Britain's police forces are to mount random nationwide roadblocks next month in conjunction with a number of government agencies.
In operation 'Mermaid' the country's 52 police forces will be able to stop and search vehicles on the pretext of conducting road-safety checks. However, the checks will also involve a number of agencies, including immigration officials, benefits agency inspectors and customs officers who will be on hand to question those 'suspected of criminal activity'. Those whose vehicles are stopped for a safety check may then be questioned regarding the purpose of their journey, whether they are working or in receipt of welfare, and whether they hold a British passport.
The civil liberties organisation Liberty has condemned the operation as an 'abuse of power'. It is planning a legal test case against people being compelled to answer questions from other authorities when they are stopped by police for road-safety checks.
Random road blocks have been a growing feature of policing ever since the miners' strike of 1984-85, when police prevented the movement of 'flying pickets' by sealing off entire cities and motorways. There have also been several occasions when entire working class suburbs have been cordoned off and all movements in and out subject to control by armed police.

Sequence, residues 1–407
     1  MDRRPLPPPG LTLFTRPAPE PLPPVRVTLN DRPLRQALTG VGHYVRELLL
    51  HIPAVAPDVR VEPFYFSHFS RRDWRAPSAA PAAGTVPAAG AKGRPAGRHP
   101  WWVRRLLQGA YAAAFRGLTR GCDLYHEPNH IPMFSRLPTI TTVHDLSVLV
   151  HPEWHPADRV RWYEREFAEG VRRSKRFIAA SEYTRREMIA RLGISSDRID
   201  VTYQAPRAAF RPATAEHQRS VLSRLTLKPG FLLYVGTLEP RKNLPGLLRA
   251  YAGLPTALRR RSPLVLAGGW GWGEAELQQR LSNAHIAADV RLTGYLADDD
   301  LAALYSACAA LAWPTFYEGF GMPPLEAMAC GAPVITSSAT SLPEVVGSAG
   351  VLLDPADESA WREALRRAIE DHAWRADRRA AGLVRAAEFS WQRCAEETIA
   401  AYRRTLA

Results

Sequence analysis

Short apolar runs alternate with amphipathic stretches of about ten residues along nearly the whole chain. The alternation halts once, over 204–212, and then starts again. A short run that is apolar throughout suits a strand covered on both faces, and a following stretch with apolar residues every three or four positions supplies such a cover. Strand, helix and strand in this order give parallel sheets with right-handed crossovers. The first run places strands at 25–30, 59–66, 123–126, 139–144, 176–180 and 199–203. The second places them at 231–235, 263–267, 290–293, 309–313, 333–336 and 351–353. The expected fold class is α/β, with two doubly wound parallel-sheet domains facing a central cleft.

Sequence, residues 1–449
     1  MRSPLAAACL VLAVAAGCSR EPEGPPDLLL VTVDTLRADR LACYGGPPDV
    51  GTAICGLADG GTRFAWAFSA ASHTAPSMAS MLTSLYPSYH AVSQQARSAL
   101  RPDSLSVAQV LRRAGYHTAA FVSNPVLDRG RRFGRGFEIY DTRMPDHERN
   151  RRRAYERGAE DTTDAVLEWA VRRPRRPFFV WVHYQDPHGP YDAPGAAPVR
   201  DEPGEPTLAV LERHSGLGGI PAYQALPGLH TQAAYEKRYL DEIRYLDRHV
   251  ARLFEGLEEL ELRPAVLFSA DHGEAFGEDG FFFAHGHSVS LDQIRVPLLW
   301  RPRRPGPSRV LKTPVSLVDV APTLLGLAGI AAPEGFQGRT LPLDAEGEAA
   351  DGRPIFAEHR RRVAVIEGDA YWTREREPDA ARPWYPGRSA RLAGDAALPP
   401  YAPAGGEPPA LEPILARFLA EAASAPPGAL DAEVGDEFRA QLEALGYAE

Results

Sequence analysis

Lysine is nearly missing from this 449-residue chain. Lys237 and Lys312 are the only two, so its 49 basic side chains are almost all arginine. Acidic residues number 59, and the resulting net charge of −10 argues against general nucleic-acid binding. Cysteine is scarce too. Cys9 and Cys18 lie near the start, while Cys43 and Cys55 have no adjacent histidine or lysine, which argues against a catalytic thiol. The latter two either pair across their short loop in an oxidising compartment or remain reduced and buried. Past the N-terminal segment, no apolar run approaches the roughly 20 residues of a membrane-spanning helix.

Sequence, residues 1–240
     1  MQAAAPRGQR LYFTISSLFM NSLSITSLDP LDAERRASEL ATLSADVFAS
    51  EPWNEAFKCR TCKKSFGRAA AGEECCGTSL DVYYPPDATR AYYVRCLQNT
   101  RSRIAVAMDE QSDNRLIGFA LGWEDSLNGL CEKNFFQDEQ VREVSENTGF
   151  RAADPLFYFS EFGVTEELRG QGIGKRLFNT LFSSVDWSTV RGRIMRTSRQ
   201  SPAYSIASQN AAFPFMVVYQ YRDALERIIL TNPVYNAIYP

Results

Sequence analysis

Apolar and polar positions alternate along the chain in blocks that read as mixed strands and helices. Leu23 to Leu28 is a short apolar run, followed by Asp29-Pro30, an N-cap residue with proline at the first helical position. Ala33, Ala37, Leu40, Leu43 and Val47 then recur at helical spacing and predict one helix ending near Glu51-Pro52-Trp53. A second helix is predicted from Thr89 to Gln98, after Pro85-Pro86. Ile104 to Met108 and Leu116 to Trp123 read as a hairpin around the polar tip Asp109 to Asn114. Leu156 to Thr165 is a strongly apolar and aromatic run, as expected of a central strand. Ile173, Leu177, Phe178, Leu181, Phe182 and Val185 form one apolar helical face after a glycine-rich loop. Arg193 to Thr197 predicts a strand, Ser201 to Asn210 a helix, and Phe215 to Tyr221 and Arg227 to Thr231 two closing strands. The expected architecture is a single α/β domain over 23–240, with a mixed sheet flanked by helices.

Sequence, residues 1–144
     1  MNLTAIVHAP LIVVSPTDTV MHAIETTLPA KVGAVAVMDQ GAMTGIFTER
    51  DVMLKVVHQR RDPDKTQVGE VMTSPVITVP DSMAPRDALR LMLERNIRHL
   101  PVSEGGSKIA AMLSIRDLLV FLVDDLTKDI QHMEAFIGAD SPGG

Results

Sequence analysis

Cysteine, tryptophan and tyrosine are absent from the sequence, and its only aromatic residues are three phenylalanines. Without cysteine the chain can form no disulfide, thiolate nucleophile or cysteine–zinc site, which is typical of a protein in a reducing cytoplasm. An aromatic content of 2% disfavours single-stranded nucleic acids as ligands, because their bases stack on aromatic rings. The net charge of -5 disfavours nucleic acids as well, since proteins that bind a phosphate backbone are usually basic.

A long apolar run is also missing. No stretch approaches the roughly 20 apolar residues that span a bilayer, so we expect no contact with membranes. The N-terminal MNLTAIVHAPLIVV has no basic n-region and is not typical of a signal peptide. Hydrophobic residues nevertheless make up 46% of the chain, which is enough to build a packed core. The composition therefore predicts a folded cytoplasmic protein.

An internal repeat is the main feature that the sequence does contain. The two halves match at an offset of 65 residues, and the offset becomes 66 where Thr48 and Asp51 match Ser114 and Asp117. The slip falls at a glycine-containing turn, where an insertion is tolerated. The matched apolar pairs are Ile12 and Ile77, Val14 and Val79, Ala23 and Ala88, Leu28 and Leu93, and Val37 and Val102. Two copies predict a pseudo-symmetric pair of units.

Police have used the campaign against drink-driving to demand wide powers to conduct random checks to breathalyse drivers, not just those who have committed a motoring offence or whose driving arouses suspicion. This could soon see police operations being conducted outside public bars.
Following a series of IRA bombings in London, police enforced a 'Ring of Steel' around the City of London, erecting control barriers and installing video surveillance cameras on all approach roads. Despite the IRA cease-fire the surveillance by police video cameras continues to this day.
Operation Mermaid has been underway since 1995 and has grown to encompass more regional forces. In total 93,000 drivers have been stopped, leading to 673 arrests and 5,500 vehicles being banned from the road.
These operations have seen an unprecedented increase in collaboration between police and other government agencies, including Custom & Excise, the Vehicles Inspectorate, Benefits Agency, the Health & Safety Executive, the Drive & Vehicle Licensing Agency, Trading Standards, the Contributions Agency, the Immigration Service, and the Environment Agency. Nor is this collaboration confined to police operations. Police and social security investigators supported an immigration service operation mounted at the Alton Towers leisure park.
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